Am I an Alcoholic? Ask Yourself These 3 Questions

Alcoholism is a severe illness that ends up killing thousands of people in the United States each year. It’s a cunning, baffling and powerful disease, and unfortunately, most people don’t even know that they have it. The primary reason why many people die or have unmanageable lives is that they can’t answer, “Am I an alcoholic?” If you believe you have a drinking problem, start by asking yourself these three questions:

  • Do I have issues stopping once I start?
  • Are most of my problems related to alcohol?
  • Have friends, family or coworkers made comments about my drinking?

If you answer yes to any of the above questions, it possible you need to seek out an alcoholism treatment program in California for help. Alcoholism isn’t a problem you should tackle on your own.

Your path to recovery is waiting
and we’re here to help.

Our admissions specialist are available 24/7 to listen to your story
and get you started with next steps.

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Am I an Alcoholic If I Can’t Stop Drinking?

Alcoholism primarily involves a mental obsession and a physical craving. Many people can take a “white knuckle” approach and just avoid drinking altogether. However, a physical craving makes it difficult or impossible to control drinking. Those with alcoholism may set out to only have one or two drinks, but they find that this doesn’t happen.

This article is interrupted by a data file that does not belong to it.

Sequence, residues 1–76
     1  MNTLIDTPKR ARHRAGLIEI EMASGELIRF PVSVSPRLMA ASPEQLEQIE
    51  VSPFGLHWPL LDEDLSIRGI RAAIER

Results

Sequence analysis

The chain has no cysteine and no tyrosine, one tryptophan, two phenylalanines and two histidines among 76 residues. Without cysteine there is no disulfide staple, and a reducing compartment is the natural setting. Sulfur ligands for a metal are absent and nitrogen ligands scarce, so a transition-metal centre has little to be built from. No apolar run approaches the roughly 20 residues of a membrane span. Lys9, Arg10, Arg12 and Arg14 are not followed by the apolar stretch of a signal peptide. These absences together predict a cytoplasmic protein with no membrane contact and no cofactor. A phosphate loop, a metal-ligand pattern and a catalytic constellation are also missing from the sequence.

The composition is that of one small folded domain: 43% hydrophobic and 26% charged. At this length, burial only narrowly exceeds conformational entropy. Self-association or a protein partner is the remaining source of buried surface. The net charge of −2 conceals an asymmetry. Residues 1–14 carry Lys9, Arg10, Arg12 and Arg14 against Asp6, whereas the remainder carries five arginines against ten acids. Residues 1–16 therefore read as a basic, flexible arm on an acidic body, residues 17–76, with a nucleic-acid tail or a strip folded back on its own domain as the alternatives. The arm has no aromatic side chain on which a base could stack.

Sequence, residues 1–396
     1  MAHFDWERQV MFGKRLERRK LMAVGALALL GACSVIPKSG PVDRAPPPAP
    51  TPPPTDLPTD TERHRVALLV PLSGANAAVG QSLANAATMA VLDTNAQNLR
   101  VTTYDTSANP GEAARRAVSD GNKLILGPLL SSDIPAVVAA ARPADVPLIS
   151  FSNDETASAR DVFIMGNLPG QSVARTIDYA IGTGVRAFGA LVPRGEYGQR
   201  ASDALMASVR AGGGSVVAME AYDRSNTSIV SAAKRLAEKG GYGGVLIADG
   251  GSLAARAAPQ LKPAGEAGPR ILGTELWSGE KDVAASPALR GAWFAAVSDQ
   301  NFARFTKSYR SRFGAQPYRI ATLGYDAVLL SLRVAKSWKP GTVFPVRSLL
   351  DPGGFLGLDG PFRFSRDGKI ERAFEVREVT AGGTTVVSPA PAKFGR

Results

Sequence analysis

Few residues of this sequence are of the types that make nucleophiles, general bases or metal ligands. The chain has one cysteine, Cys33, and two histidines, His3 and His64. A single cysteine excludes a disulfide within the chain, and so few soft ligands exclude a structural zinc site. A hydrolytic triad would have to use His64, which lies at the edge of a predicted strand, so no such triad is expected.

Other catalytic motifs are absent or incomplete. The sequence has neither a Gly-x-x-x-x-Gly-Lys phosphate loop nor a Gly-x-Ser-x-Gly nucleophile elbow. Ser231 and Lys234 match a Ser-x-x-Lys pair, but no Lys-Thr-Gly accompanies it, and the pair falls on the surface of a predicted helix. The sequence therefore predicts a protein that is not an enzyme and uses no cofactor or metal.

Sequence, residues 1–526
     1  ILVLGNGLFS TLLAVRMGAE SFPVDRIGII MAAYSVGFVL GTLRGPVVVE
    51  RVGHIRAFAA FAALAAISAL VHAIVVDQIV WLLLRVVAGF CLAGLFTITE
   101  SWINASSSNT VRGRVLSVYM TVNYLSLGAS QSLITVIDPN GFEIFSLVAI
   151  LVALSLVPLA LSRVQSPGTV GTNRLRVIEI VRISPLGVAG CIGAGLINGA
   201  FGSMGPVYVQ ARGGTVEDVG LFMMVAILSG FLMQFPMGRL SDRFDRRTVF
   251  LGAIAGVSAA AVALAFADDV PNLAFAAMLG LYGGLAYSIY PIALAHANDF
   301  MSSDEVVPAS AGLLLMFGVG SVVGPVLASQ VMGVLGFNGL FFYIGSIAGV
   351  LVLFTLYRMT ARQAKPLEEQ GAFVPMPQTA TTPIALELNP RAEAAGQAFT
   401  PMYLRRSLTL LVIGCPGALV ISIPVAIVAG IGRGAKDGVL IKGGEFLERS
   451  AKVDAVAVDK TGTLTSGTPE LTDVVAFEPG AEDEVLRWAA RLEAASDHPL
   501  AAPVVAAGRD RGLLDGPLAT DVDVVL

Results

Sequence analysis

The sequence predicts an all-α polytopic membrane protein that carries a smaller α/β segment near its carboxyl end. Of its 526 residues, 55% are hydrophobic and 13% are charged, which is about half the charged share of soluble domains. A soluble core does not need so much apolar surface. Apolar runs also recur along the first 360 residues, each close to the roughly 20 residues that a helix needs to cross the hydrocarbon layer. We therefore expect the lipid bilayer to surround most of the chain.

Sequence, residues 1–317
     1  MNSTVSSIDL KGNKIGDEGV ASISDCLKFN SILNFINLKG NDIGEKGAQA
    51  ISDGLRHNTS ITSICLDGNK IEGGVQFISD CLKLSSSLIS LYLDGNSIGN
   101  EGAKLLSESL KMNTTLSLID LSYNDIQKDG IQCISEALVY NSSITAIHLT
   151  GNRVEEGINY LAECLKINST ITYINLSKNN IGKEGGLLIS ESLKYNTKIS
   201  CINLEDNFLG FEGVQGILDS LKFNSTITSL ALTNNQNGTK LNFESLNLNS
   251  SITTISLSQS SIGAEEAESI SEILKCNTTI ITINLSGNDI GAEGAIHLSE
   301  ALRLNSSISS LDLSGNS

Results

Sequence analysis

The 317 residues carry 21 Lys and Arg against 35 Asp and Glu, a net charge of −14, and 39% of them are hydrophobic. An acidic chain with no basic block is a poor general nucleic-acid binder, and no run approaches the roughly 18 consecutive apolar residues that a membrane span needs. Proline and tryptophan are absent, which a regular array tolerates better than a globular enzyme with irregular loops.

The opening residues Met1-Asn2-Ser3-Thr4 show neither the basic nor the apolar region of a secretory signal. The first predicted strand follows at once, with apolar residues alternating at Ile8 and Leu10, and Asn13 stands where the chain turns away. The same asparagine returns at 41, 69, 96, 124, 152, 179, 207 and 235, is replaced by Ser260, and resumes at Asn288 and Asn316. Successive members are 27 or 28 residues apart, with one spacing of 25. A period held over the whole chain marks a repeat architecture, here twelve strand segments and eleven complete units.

Most people are able to stop or moderate their drinking because their brains normally regulate dopamine flow. With alcoholism, the brain fails to generate moderate dopamine. This means that the pleasure-seeking portion of your brain is running without any type of restraint. Without even realizing it, you crave more to drink in the same way you would crave food if you were starving.

Problems Revolving Around Alcohol

Society has misconceptions about alcoholism—and substance abuse in general. Many people believe that you need to have lost your family, career or home in order to have it. Alcoholism doesn’t mean that you have problems every time you drink, but it means most of your problems come from drinking. For example, you and your family may not always fight, but when you do, alcohol is typically involved.

People Close to You Comment on Your Drinking

Alcoholism makes it difficult to separate the truth from fiction, which makes people defensive about drinking. When friends, family or coworkers make comments about your drinking, you may think they’re hassling you. In reality, the same part of the brain responsible for dopamine regulation also helps with self-awareness. Often, your family or friends will need to point out your excess drinking because you don’t realize it yourself.

Still wondering, “Am I an alcoholic?” If you believe that you have alcoholism and have trouble staying sober, Serenity Lodge can help you. We’ve designed our treatment programs to help men who have lost control of their drinking. Our addiction treatment programs that help individuals work through alcohol addiction include the following:

Contact Serenity Lodge today at [Direct] for the support you need to recover. If you’re asking “Am I an alcoholic?” then you’re in need of the help we can provide.

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